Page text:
Since the release of Kelsey Lu’s cello-based ethereal-sounding EP 'Church', she has received a slew of praise and earned many support slots with big acts such as Neneh Cherry and Florence and the Machine, as well as collaborating with the likes of Solange and Blood Orange. Recent singles Due West and Shades of Blue have seen her evolve her sound with an R&B feel, introducing more instruments and layered percussion to the mix.
After running away from home and joining the North Carolina School of the Arts to escape her Jehovah’s Witness upbringing, Lu subsequently left the university to yet again pursue less restricting endeavours. Hanging out with an underground hip-hop group United Minds Conglomerate and experimenting with psychedelics she was on a journey of self-discovery.
Tonight, meeting the New York based singer for her debut Dublin show, in the humble setting of The Workman’s Club backstage, there is a little apprehension in the air. The singer has (according to her Instagram) had a rough day. All things considered, she couldn’t be more warm and welcoming, pointing to the nearby armchairs saying “sit on down.”
This small underground room is usually quite a grungy scene with band names and profanity scrawled on its walls; but it has never looked so nice as it does this evening, with draped fabrics, candles and fairy lights placed around the otherwise penis-graffitied basement.
The North Carolina native is not willing to give too much away, but does offer some mitigation on the "rough day" social media post: “No, it’s fine, it’s just like… Mercury is in retrograde and it’s trying to throw me off…it’s trying to fuck my shit.” Although it is her first time in Dublin, a busy tour schedule doesn’t allow for much sight-seeing around town. “We walked to the restaurant!” she laughs.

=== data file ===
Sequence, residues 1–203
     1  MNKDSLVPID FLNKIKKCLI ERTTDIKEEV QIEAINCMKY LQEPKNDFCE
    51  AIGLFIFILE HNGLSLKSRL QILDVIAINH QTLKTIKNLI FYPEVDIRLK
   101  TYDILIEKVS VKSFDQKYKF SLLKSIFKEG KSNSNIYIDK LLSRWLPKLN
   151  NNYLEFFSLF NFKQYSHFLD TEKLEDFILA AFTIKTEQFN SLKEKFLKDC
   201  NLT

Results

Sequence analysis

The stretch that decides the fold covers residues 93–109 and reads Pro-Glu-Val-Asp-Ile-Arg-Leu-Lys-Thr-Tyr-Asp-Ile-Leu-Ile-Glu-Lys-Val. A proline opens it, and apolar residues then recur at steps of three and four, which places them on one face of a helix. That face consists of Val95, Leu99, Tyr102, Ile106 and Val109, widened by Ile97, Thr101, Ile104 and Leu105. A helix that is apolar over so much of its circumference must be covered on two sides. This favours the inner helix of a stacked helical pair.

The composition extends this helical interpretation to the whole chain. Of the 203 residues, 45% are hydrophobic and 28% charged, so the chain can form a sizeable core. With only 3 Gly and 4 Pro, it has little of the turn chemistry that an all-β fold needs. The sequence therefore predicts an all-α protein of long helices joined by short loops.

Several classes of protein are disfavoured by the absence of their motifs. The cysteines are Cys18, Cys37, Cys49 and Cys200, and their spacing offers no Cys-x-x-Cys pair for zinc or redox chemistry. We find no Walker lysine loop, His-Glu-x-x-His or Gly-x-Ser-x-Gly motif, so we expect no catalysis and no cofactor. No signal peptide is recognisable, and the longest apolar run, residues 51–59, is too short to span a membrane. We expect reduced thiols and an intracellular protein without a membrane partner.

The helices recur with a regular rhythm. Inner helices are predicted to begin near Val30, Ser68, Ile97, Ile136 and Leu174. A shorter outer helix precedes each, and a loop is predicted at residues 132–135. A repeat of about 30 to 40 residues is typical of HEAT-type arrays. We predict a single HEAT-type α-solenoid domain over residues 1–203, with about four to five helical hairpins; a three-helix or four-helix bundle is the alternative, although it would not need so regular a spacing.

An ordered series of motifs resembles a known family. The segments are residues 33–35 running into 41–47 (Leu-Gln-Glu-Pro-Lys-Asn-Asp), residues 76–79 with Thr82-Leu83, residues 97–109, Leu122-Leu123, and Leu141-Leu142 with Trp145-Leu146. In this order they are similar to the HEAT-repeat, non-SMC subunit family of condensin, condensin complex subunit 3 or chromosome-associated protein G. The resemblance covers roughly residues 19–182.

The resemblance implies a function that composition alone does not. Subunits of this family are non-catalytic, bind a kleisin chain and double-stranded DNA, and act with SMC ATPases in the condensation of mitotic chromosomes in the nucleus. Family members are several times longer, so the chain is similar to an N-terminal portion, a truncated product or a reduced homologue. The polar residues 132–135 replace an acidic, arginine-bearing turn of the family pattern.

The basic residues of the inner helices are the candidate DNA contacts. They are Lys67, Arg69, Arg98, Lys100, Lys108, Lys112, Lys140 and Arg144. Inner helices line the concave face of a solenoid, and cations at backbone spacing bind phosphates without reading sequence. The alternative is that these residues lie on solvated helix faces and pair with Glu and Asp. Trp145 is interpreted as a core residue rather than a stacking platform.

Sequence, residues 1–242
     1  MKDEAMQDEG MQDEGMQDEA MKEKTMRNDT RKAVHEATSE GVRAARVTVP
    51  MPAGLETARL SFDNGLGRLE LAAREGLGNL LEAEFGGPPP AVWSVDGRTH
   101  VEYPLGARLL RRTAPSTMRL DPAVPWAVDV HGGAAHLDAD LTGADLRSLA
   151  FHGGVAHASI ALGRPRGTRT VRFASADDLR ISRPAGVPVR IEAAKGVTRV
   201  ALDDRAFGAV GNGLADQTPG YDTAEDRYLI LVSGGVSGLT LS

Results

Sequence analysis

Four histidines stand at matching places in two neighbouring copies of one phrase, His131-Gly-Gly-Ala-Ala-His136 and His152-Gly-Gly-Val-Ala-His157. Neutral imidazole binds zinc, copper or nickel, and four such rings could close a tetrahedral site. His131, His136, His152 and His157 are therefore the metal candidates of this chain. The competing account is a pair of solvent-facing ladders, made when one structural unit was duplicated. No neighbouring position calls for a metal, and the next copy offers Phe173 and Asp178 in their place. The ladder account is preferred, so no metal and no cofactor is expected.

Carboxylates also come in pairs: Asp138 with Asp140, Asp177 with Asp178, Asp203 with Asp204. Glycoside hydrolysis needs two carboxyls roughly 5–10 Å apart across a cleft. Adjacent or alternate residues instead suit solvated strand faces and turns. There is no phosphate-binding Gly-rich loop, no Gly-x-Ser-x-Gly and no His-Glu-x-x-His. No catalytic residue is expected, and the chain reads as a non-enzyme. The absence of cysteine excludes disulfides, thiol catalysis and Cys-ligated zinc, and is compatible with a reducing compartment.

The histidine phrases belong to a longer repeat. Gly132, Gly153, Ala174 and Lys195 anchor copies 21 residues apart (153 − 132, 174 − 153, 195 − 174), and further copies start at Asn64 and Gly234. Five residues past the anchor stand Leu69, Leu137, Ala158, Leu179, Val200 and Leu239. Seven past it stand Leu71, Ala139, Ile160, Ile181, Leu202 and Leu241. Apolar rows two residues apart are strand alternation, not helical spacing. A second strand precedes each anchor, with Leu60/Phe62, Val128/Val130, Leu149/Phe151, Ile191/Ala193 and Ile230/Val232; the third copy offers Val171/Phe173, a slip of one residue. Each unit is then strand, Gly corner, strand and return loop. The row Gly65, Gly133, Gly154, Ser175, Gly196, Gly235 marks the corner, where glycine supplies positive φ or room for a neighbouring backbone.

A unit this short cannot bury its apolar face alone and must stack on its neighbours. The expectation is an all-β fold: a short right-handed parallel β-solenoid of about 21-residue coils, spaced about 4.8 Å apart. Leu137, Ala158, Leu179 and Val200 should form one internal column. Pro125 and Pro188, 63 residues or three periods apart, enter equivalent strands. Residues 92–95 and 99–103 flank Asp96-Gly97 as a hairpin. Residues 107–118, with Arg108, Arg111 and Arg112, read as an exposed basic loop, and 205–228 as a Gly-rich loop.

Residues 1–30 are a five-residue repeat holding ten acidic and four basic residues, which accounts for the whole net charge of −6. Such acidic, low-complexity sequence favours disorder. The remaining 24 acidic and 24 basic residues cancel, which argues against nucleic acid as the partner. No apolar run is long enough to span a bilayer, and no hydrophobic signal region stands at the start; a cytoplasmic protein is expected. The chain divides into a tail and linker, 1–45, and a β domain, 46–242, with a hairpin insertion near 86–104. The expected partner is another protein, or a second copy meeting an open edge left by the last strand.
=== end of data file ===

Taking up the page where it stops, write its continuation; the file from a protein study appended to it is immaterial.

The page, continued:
There are times when Kelsey Lu can be seen with a full band, but tonight she’s solo, backed by backing-tracks and occasional electric guitar, showcasing new songs from the upcoming album 'Blood'. As a classically trained cellist and a talented songwriter, she has ambitions for a larger stage setup: “I would love to if I could afford it!" she charmingly blurts out. "I have played a few shows with other players. The first time that I performed this new material was actually with a lot of string players. I think 10 string players, a percussionist, keyboardist, bassist… there was three cellos, four violins, a harpist… oh and a stand-up bass!”
However, she is intrigued to try different, stripped down, stage setups. Both as a practical approach for the budding star and to offer a more varied performance. “I’m also interested in figuring out a way to do it in multiple ways. Because I like performing. I started by myself, on stage. I think there’s a lot of power in that. But I think that adding that dynamic and other dimension of having other players onstage is exciting as well.”
Kelsey Lu at The Workman's Club on 9 March 2019 by Yan Bourke
While this multi-instrumentalist has dipped her toes in many creative endeavours including stints on the cat walk, various collaborations and an appearance in the David O. Russell black comedy American Hustle, she still considers cello as a big part of her life. “I feel like the cello is my safe place. No matter what, I always have that,” she says, before comparing touring without her cello to being away from a loved one. “I had a little bit of a breakdown. I was in London and I didn’t have my cello. I was like: ‘I don’t know where it is! My partner! I haven’t seen you in so long!’ Touring with it and travelling around with it is very expensive. And also, physically it’s a lot.”
Although there is a palliative for this sort of heartache, it isn’t without it’s struggles: “So, I’ve been renting other cellos,” she says. “Which has been… fun. It’s like going on multiple dates: ‘ooh you’re cute…ugh you’re not!’”